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Hawaii senators vote for debt compromise

By Gregg K. Kakesako

POSTED:
LAST UPDATED: 11:41 a.m. HST, Aug 02, 2011



Both Hawaii Sens. Daniel Inouye and Daniel Akaka voted yes on the bill to increase the nation’s debt limit, saying the compromise legislation was necessary to avoid risking the country’s economy and prevent disruption to its social programs.

The measure provides an immediate $400 billion increase in the $14.3 trillion U.S. borrowing cap, with $500 billion more assured this fall. That $900 billion would be matched by cuts to agency budgets over the next 10 years.

Inouye said the vote is not one that he takes any pride in, but “it is something we had to do for the good of the country.”

 "We must prevent disruptions to Social Security, Medicare, and other critically important safety net programs people in Hawaii and across the nation depend upon,” Akaka said. “We now need to work to ensure the agreement does not harm programs Hawaii depends on.”

Inouye said that as chairman of the Senate Appropriations Committee, he will work to “ensure these cuts do not adversely impact the neediest among us.”

“These cuts, $2.1 trillion over the next decade, are deep and significant and government services will suffer because of them,” Inouye said. “This proposal contains no new revenue. But what can we expect?  We were negotiating with a group of people who would see the country default before they backed off their campaign promises.”

Inouye said it “is of the utmost importance” that a bipartisan congressional committee “not deadlock and fail to produce additional savings.”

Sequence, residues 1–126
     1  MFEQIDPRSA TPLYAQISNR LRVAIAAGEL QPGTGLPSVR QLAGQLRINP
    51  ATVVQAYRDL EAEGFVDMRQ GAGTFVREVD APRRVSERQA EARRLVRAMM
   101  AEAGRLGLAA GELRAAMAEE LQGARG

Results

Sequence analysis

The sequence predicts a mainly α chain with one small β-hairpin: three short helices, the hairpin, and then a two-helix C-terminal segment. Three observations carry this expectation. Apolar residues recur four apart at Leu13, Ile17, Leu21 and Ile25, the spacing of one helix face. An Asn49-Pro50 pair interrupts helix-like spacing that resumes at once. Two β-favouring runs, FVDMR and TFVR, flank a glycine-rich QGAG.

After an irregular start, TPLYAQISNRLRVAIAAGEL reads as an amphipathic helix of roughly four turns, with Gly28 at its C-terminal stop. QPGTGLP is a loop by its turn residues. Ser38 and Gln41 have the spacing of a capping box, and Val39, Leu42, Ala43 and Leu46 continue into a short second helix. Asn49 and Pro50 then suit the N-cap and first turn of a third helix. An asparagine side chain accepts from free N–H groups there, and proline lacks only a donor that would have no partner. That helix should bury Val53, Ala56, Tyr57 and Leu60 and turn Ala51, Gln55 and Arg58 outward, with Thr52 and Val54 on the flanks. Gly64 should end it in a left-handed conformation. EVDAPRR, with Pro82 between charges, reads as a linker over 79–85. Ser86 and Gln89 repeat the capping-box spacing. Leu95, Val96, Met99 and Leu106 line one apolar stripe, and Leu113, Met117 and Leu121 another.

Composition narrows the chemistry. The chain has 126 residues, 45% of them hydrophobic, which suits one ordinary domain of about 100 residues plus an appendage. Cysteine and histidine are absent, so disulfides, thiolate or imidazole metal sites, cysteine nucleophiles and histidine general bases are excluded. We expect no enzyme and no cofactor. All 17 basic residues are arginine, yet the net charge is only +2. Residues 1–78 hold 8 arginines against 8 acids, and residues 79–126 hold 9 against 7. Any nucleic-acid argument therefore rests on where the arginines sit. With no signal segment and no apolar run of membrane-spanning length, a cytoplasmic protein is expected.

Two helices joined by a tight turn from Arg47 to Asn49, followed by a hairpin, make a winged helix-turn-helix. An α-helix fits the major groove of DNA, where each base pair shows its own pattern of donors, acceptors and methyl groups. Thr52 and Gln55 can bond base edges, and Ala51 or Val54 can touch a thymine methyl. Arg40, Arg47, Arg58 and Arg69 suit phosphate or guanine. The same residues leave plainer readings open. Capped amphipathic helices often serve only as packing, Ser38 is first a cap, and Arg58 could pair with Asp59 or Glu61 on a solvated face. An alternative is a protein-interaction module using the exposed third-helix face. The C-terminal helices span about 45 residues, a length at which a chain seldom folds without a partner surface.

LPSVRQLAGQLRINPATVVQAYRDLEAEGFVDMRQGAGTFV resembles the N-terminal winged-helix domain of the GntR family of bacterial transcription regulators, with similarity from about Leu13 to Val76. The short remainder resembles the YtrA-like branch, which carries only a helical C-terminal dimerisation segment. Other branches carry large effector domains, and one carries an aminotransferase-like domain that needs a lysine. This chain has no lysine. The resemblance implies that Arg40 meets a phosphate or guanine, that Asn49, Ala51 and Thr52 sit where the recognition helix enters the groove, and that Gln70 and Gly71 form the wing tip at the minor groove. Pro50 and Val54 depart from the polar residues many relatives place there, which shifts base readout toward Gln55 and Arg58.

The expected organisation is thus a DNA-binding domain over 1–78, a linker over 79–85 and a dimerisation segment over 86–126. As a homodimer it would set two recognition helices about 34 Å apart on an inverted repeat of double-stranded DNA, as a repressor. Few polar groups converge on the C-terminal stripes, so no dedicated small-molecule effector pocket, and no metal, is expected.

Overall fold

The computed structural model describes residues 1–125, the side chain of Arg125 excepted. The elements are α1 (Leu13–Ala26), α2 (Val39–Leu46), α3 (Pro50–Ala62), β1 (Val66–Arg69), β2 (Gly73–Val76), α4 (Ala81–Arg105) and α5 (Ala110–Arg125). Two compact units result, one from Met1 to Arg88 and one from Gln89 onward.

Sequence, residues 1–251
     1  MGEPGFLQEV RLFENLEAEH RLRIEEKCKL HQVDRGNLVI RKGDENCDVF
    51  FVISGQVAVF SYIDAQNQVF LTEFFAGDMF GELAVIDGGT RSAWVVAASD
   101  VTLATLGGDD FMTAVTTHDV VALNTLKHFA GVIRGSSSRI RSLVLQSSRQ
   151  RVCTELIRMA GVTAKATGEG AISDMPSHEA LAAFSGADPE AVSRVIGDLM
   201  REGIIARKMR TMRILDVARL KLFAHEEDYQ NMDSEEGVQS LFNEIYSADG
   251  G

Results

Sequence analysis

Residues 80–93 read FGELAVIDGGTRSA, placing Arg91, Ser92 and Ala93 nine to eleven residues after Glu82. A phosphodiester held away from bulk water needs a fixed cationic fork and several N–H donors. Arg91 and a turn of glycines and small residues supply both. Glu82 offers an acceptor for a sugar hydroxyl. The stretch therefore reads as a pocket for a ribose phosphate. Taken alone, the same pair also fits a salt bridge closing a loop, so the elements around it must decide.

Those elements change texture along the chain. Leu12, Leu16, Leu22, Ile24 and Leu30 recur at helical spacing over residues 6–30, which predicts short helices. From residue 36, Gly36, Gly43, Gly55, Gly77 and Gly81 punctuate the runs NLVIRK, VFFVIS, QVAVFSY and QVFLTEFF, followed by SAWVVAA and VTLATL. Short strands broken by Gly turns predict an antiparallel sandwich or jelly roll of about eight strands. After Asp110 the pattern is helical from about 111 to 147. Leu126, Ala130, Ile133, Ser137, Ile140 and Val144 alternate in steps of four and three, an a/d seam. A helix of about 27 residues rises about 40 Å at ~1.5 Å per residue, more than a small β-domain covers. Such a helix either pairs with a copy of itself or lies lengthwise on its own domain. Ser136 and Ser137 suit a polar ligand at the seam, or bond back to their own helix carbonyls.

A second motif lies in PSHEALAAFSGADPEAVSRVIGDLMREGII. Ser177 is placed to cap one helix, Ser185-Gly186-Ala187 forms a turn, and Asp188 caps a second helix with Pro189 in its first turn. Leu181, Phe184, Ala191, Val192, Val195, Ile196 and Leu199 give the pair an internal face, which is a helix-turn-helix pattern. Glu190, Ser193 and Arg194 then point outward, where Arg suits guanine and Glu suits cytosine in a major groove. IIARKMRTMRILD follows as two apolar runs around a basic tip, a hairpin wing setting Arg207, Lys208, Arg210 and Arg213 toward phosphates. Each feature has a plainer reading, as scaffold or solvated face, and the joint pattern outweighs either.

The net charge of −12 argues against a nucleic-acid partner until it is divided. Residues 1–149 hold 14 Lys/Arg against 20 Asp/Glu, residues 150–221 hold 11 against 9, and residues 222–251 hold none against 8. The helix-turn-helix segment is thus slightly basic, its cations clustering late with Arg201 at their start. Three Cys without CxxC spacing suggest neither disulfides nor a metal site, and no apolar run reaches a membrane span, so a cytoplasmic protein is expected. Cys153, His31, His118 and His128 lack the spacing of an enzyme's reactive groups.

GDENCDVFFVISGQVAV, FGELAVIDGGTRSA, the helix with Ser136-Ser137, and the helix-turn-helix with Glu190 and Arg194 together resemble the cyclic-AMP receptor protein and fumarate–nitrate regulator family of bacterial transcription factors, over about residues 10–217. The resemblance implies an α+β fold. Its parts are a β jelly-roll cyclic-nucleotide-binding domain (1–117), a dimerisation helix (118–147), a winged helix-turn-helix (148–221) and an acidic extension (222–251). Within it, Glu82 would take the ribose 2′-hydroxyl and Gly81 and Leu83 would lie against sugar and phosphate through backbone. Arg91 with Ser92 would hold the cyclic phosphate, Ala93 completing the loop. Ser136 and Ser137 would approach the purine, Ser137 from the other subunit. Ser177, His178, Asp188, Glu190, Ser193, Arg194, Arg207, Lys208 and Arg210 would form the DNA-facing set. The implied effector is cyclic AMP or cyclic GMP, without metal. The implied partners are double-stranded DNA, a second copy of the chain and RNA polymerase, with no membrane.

The bill sets up a special bipartisan committee to draft legislation to find up to $1.5 trillion more in deficit cuts for a vote later this year. They're likely to come from such programs as federal retirement benefits, farm subsidies, Medicare and Medicaid. The savings would be matched by a further increase in the borrowing cap. If the committee fails to agree on legislation, the bill calls for automatic cuts across much of the budget, including Pentagon coffers.

“It is of the utmost importance that this committee not deadlock and fail to produce the additional savings,” Inouye said. “The triggers contained in this deal are real and would lead to extremely painful cuts to the Department of Defense, Medicare and domestic spending, if implemented. The committee should, and it must, produce a bipartisan comprise that can pass both chambers and Congress and be sent to the President.”

 "Compromise by definition means that not everything we want is in there,” Akaka said. “I hope we can get back to the urgent business of getting Americans back to work and strengthening our economic recovery."

 ———

The Associated Press contributed to this story.






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